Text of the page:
Recent Dames at Sea star John Bolton, who will join Fred Barton & His Orchestra, Beth Leavel, Karen Murphy and more for An Evening with Cole Porter March 4 at Pace University’s Schimmel Center and March 5 at On Stage at Kingsborough, shares the performances that most affected him as part of the audience.
Annie — The original production from way back
My first Broadway show. I had watched them on The Tonys and begged my parents to take me to see it on my first trip to NYC (we also saw The Wiz, which ranks a close second for this slot). Annie is an extremely well-crafted show. Dorothy Loudon’s performance was everything you’ve heard it was: huge and hilarious, yet so completely truthful I still marvel at how she pulled it off. I was inspired seeing kids my age on stage and wrote them a fan letter. I wore out the record trying to sing like Andrea McArdle. These days I rarely get starstruck, but if I meet someone whose work was an important part of my childhood — someone who I know from the cast albums I had in the 70’s and 80’s — I totally geek out.
I got tickets to this at TKTS not really knowing what it was, just that it was a new musical in what was a particularly sparse season. Turned out they had just opened the night before to rapturous reviews. The cast was on fire. I joined half the audience by rushing to the front of the stage during the curtain call, screaming like it was a rock concert. I went back the next day and had the same take-me-to-church experience.
The Search for Signs of Intelligent Life in the Universe
Lily Tomlin’s hilarious, heart-stopping one-woman show. The first time I realized the power of what theatre can do.
The original one. I’d never seen anything like it. The stylized sets and direction, that fantastic, endless monologue, those terrific actors. I didn’t know what half of it meant, but it left me breathless and I haven’t stopped thinking about it for 25 years.
Crazy for You
I saw it at least 50 times. I had just moved to the city, and my temp job was renting the infrared headsets at the Shubert, where I would eventually do Spamalot years later. For two months I stood in the back downstairs and basked in the creative wonders of Susan Stroman’s magnificent choreography, learned from watching the comic timing of the skilled leads, and thrilled to the simple but stunning stagecraft of the “Entrance to Nevada.” I loved seeing how different audiences reacted and began to understand the science of both getting and losing laughs.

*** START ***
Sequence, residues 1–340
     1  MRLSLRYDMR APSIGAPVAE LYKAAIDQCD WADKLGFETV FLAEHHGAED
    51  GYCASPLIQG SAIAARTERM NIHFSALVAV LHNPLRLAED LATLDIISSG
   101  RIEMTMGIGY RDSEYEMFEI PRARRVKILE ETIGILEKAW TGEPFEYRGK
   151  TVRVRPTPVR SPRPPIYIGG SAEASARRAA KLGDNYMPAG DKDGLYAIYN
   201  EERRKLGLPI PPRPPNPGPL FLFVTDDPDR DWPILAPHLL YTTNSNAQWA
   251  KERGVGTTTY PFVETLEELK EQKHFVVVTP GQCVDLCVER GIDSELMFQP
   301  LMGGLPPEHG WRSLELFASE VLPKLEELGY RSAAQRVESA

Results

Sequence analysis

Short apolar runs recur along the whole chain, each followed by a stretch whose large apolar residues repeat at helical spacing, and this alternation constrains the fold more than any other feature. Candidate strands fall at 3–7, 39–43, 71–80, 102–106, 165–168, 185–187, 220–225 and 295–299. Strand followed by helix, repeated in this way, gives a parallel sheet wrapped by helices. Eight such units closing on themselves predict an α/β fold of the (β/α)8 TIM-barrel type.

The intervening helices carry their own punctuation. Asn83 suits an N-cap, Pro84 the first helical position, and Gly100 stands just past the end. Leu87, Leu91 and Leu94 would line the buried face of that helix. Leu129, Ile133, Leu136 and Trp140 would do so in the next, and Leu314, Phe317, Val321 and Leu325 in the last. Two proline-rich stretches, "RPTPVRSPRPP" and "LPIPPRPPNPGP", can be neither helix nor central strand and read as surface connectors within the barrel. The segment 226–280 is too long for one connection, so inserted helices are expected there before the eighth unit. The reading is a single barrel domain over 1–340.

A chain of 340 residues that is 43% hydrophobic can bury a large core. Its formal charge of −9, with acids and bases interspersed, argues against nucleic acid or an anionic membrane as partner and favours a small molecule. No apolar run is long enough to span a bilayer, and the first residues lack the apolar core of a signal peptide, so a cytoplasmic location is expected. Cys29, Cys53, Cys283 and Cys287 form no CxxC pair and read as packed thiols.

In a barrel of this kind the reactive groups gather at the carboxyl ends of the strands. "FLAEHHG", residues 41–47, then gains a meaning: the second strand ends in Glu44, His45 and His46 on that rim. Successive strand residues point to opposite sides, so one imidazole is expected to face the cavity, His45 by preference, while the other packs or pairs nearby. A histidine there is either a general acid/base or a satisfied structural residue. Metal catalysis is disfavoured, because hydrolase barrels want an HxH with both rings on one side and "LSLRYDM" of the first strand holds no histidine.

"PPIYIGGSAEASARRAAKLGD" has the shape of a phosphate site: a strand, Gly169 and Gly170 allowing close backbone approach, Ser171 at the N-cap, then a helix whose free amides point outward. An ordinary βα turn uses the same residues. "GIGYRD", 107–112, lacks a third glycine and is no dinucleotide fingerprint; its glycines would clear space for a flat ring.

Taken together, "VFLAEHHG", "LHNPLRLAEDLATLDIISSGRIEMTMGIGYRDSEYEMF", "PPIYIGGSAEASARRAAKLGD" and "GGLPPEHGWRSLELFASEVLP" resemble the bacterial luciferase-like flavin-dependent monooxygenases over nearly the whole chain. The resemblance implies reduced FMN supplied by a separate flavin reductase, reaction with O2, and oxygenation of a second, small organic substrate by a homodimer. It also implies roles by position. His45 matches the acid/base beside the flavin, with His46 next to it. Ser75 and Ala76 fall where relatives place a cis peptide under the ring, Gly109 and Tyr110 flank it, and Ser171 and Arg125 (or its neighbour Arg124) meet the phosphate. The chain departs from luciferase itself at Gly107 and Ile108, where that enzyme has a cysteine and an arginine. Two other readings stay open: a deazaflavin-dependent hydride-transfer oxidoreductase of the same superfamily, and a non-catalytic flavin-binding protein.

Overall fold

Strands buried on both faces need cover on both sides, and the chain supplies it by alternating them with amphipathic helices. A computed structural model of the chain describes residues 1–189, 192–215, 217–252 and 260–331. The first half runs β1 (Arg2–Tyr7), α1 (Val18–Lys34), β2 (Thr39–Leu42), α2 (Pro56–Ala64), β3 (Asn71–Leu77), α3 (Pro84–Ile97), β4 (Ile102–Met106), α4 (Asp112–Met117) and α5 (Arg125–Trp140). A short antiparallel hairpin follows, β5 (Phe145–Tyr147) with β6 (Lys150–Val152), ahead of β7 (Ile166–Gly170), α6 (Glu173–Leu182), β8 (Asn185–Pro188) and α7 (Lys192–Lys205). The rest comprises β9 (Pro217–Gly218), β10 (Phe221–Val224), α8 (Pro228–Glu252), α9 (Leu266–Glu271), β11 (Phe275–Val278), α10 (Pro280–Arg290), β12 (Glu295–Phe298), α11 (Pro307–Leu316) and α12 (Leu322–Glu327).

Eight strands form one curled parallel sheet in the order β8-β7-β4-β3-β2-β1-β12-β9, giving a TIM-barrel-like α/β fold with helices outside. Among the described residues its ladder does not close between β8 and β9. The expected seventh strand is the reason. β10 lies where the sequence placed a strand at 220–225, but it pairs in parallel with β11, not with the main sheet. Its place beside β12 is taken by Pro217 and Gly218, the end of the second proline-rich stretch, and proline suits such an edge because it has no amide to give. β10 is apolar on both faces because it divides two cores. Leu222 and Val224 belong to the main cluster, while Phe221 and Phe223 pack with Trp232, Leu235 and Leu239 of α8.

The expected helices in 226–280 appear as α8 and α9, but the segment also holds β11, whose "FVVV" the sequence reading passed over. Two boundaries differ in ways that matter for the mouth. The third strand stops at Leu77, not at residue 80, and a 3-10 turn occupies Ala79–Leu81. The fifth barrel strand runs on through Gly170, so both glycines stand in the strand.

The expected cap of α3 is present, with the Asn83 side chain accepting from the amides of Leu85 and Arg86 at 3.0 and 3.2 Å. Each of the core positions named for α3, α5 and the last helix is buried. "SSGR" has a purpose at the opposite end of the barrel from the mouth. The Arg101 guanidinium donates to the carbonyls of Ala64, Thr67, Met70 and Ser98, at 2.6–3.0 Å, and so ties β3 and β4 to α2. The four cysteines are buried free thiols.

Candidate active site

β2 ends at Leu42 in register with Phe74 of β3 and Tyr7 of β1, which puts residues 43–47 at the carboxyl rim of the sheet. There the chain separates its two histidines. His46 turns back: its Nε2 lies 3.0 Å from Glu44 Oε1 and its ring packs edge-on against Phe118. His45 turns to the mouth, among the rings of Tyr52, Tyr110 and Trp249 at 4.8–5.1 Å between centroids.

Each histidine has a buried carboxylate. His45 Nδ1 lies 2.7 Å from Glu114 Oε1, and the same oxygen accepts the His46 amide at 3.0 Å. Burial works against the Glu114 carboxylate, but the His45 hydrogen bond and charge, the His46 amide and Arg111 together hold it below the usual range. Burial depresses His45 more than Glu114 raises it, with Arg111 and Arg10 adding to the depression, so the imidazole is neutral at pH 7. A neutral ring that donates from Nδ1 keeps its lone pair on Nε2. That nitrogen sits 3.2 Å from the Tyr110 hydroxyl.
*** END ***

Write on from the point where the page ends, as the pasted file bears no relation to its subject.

The Sisters Rosensweig
Another Broadway show where I was Mr. Headsets for a couple of months while I was auditioning. If Crazy for You was class, then Sisters was master class. Watching that entire original cast night after night — especially the sublime Madeline Kahn — was all the grad school I needed.
The Who's Tommy
Great stagecraft. Those pilots jumping through the clouds….I mean come on. So great. Plus a cast loaded with soon-to-be-stars belting their faces off
As You Like It – Theatre For a New Audience
Mark Rylance’s Richard III and Twelfth Night from a couple of seasons ago belong on this list as well, but my love for Rylance started here, in a small, superb non-traditional production Off-Broadway
Masterful and inspiring. I have forever crushes on my friends who were in it.
Dreamgirls — Actors Fund
Okay, I’m cheating a little on this one since I was actually in it, but 9/11 had happened just two weeks prior and everything was nuts. We all just grabbed on to each other, dove in and did it. To say our hearts were in it is a huge understatement. Our beings were in it.
The most fun I’ve ever had watching a show. When I grow up I want to be Dick Latessa.
Joyous, heartbreaking transcendence.
The Other Josh Cohen
A disarming, unpretentious and utterly charming show. Oh, and my friends David Rossmer and Steve Rosen wrote it and starred in it. So.
Horton Foote can do no wrong, and Bountiful is my favorite play of his. Following in the footsteps of Geraldine Page and Lois Smith is unthinkable, but Cicely Tyson’s mighty performance was one for the ages.